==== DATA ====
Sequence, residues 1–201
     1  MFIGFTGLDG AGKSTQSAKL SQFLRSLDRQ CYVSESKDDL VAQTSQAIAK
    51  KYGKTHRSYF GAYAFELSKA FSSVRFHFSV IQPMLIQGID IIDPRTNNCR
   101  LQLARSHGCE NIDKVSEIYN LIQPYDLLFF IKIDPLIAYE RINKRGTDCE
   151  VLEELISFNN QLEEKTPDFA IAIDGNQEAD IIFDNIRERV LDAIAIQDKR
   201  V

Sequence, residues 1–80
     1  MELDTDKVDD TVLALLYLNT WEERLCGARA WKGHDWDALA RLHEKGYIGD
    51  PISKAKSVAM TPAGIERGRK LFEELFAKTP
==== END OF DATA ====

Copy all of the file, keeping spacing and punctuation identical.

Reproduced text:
Sequence, residues 1–201
     1  MFIGFTGLDG AGKSTQSAKL SQFLRSLDRQ CYVSESKDDL VAQTSQAIAK
    51  KYGKTHRSYF GAYAFELSKA FSSVRFHFSV IQPMLIQGID IIDPRTNNCR
   101  LQLARSHGCE NIDKVSEIYN LIQPYDLLFF IKIDPLIAYE RINKRGTDCE
   151  VLEELISFNN QLEEKTPDFA IAIDGNQEAD IIFDNIRERV LDAIAIQDKR
   201  V

Sequence, residues 1–80
     1  MELDTDKVDD TVLALLYLNT WEERLCGARA WKGHDWDALA RLHEKGYIGD
    51  PISKAKSVAM TPAGIERGRK LFEELFAKTP